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BP Document: Big Plans for Deepwater Drilling

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'Expanding deepwater' topped BP's list of goals for sources of growth beyond 2015 in a March 2010 presentation. (Saul Loeb/AFP/Getty Images)

A BP presentation from March 2010--a month before the Deepwater Horizon disaster--spelled out the company's growth "key sources of growth" beyond 2015. First on the list?

"Expanding deepwater."

The document also includes a bar graph that proclaims BP as the "leading deepwater company" based on 2009 production numbers. According to the graph, BP produced the equivalent of more than 150 million barrels of oil per day compared to its closest rival, Shell. 

BP's document also shows that the company spent less on production costs compared to its competitors. In a June 15 hearing before lawmakers, some of those same oil companies told Congress that BP did not follow design standards that they considered to be industry norm.

BP's Doug Suttles recently joined his industry peers in questioning the administration's six month moratorium on deepwater drilling.

"I understand why people might want to put a moratorium in place, but my personal view on this is we need to look very rapidly at what needs to be done that gives you confidence to restart (drilling in deepwater) because the consequences of stopping are also significant," said Suttles, in comments reported by The Times-Picayune.

The moratorium was lifted last week, when U.S. District Judge Martin Feldman ruled that the rationale behind it was "heavy-handed, and rather overbearing." Feldman, in 2008 and 2009 financial disclosures, reported owning stock in several oil companies. (Disclosure: Feldman is the same judge who earlier this year dismissed a libel lawsuit against ProPublica.) Interior Secretary Ken Salazar has said the administration may issue a new, more narrow, moratorium.

In tackling the Gulf disaster, BP has often cited the depth of this well as a primary challenge to containing the gusher. By now, multiple reports--including one in today's New York Times--document how the technology to drill to greater depths has surged ahead, while the technology to clean up a spill hasn't been updated for decades

While oil company executives assured lawmakers their companies would have done things differently than BP did in designing the well, they weren't able to put as much distance between themselves and BP when grilled on their own preparedness for a major oil spill.

At the June 15 hearing, lawmakers pointed out that the major oil giants are using very similar oil spill response plans that contain many of the same mistakes, including references to marine mammals that don't live in the Gulf as well as contact information for deceased experts. All the plans were prepared by the same consulting group.

"When these things happen we are not well equipped to deal with them," Exxon CEO Rex Tillerson told the House Energy panel.

A BP presentation from March 2010--a month before the Deepwater Horizon disaster--spelled out the company's growth "key sources of growth" beyond 2015. First on the list?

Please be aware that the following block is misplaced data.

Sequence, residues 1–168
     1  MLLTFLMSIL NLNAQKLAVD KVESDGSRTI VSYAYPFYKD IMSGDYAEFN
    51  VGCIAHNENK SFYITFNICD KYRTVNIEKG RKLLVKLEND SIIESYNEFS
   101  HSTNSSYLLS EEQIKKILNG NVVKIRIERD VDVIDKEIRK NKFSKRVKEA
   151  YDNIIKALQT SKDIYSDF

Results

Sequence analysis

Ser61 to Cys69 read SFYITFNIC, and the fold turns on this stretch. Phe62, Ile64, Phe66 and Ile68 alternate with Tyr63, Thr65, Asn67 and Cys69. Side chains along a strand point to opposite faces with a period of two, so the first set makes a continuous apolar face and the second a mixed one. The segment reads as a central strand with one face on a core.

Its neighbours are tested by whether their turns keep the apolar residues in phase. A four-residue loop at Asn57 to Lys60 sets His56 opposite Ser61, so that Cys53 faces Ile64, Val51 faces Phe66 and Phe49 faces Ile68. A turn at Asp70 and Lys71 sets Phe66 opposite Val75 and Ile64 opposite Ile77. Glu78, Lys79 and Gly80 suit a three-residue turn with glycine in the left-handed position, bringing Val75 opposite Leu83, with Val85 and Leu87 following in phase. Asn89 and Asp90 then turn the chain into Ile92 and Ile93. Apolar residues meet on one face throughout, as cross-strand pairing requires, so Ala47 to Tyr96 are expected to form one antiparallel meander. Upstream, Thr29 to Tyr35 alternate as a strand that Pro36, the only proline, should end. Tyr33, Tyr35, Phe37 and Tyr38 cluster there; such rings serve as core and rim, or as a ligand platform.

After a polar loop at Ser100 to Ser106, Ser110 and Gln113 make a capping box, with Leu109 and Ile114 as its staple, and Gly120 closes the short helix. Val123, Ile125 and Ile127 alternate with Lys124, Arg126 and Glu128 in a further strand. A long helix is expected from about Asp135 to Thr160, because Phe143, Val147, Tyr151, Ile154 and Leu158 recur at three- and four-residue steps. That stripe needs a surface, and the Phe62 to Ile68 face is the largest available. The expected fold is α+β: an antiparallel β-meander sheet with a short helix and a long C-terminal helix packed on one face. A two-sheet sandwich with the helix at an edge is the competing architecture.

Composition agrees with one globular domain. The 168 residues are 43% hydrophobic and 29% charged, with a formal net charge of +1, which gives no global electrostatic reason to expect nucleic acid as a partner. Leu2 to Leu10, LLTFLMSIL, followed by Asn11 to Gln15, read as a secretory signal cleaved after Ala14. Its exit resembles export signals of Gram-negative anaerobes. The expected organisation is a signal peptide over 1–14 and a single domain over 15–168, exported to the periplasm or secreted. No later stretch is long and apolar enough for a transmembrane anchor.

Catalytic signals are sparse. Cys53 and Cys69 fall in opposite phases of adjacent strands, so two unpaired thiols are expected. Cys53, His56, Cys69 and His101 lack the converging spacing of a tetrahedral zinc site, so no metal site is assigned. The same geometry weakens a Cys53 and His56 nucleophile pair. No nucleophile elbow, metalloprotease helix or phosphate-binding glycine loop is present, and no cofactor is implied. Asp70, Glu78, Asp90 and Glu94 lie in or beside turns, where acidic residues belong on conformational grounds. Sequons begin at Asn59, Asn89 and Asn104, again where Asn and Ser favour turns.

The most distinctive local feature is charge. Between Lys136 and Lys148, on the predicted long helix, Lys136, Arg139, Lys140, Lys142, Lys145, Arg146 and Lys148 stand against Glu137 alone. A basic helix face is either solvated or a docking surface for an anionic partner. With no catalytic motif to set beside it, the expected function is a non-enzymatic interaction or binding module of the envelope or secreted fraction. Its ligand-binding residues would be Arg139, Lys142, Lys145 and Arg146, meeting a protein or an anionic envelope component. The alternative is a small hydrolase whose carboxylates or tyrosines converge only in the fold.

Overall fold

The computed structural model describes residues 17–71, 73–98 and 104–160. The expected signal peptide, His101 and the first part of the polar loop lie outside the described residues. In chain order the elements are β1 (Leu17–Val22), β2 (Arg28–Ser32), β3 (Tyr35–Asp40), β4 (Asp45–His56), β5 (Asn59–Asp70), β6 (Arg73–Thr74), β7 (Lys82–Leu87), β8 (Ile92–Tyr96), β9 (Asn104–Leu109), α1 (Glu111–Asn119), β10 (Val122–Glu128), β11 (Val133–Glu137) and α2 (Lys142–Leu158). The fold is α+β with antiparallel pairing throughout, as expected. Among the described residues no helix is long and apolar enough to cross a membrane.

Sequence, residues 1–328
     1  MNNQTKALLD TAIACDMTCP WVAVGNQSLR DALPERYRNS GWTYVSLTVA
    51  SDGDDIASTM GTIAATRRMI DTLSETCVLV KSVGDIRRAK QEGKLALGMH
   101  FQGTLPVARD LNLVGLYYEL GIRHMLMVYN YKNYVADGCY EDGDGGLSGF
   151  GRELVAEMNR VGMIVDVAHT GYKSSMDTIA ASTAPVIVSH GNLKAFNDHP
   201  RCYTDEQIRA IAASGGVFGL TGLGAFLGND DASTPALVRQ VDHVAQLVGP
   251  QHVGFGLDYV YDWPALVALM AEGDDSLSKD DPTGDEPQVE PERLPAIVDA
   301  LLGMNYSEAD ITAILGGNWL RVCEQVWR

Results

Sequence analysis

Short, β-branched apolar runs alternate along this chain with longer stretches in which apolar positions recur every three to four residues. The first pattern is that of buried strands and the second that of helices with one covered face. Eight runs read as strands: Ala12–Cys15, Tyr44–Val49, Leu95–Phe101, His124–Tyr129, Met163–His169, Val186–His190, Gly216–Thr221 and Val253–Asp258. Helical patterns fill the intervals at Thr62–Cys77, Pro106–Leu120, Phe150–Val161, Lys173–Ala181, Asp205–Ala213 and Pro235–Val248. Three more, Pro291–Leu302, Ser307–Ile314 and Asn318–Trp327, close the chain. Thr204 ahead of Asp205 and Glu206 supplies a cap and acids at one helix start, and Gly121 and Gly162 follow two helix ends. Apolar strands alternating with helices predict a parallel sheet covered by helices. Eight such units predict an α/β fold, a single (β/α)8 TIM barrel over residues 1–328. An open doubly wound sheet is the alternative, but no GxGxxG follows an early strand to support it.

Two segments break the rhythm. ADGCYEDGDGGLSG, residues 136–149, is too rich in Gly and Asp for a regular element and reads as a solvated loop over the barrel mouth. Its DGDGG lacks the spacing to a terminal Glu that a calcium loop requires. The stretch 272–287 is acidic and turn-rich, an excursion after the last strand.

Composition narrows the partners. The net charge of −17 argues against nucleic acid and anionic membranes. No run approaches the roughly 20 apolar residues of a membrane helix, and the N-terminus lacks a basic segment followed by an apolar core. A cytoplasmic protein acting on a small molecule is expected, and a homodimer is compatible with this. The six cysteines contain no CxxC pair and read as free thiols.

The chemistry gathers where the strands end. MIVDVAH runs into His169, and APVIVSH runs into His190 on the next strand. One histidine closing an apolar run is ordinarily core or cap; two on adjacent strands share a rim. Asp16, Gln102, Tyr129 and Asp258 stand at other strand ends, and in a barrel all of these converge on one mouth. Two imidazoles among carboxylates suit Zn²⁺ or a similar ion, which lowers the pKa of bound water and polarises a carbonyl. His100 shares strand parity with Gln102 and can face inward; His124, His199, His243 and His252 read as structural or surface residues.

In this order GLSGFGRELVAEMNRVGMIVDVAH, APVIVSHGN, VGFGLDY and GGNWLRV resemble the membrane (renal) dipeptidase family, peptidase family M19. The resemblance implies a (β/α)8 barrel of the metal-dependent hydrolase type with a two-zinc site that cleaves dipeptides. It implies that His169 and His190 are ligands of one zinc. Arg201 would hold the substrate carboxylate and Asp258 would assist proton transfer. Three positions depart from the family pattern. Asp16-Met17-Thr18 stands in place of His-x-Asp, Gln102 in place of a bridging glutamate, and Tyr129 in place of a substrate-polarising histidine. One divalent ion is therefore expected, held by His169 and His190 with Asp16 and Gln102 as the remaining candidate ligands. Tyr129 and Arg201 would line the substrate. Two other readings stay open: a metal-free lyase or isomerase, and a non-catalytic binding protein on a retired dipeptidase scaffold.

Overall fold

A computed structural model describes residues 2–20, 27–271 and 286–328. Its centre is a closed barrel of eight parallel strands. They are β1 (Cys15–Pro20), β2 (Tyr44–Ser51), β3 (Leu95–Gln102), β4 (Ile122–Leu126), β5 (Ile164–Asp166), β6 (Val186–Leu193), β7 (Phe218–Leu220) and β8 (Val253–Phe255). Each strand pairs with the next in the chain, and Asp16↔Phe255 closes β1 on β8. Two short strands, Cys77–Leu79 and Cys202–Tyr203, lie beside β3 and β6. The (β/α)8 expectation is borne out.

"Expanding deepwater."

The document also includes a bar graph that proclaims BP as the "leading deepwater company" based on 2009 production numbers. According to the graph, BP produced the equivalent of more than 150 million barrels of oil per day compared to its closest rival, Shell. 

BP's document also shows that the company spent less on production costs compared to its competitors. In a June 15 hearing before lawmakers, some of those same oil companies told Congress that BP did not follow design standards that they considered to be industry norm.

BP's Doug Suttles recently joined his industry peers in questioning the administration's six month moratorium on deepwater drilling.

"I understand why people might want to put a moratorium in place, but my personal view on this is we need to look very rapidly at what needs to be done that gives you confidence to restart (drilling in deepwater) because the consequences of stopping are also significant," said Suttles, in comments reported by The Times-Picayune.

The moratorium was lifted last week, when U.S. District Judge Martin Feldman ruled that the rationale behind it was "heavy-handed, and rather overbearing." Feldman, in 2008 and 2009 financial disclosures, reported owning stock in several oil companies. (Disclosure: Feldman is the same judge who earlier this year dismissed a libel lawsuit against ProPublica.) Interior Secretary Ken Salazar has said the administration may issue a new, more narrow, moratorium.

In tackling the Gulf disaster, BP has often cited the depth of this well as a primary challenge to containing the gusher. By now, multiple reports--including one in today's New York Times--document how the technology to drill to greater depths has surged ahead, while the technology to clean up a spill hasn't been updated for decades

While oil company executives assured lawmakers their companies would have done things differently than BP did in designing the well, they weren't able to put as much distance between themselves and BP when grilled on their own preparedness for a major oil spill.

At the June 15 hearing, lawmakers pointed out that the major oil giants are using very similar oil spill response plans that contain many of the same mistakes, including references to marine mammals that don't live in the Gulf as well as contact information for deceased experts. All the plans were prepared by the same consulting group.

"When these things happen we are not well equipped to deal with them," Exxon CEO Rex Tillerson told the House Energy panel.

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Gulf Oil Spill

The BP oil disaster in the Gulf has had untold health, economic and environmental effects.

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